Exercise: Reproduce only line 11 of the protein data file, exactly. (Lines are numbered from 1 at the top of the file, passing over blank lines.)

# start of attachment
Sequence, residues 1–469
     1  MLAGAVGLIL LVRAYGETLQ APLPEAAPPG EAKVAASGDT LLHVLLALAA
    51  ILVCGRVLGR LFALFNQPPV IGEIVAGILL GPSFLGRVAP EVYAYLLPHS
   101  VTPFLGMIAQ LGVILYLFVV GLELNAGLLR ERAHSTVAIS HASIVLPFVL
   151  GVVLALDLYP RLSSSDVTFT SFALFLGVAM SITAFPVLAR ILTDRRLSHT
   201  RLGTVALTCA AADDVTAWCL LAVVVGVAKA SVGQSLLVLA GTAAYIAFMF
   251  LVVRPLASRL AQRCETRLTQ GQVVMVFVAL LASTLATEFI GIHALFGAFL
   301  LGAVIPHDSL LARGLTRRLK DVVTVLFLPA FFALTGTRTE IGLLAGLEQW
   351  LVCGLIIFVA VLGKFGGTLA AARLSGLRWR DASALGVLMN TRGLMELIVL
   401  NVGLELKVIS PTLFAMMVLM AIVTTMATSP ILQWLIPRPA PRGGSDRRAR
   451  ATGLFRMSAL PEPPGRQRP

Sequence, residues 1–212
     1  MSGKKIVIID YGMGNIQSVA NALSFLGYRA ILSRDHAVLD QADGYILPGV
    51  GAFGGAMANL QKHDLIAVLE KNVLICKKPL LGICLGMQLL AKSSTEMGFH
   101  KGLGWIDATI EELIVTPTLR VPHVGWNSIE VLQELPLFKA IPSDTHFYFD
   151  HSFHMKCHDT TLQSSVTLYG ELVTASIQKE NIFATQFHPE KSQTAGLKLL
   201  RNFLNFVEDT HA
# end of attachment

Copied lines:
   451  ATGLFRMSAL PEPPGRQRP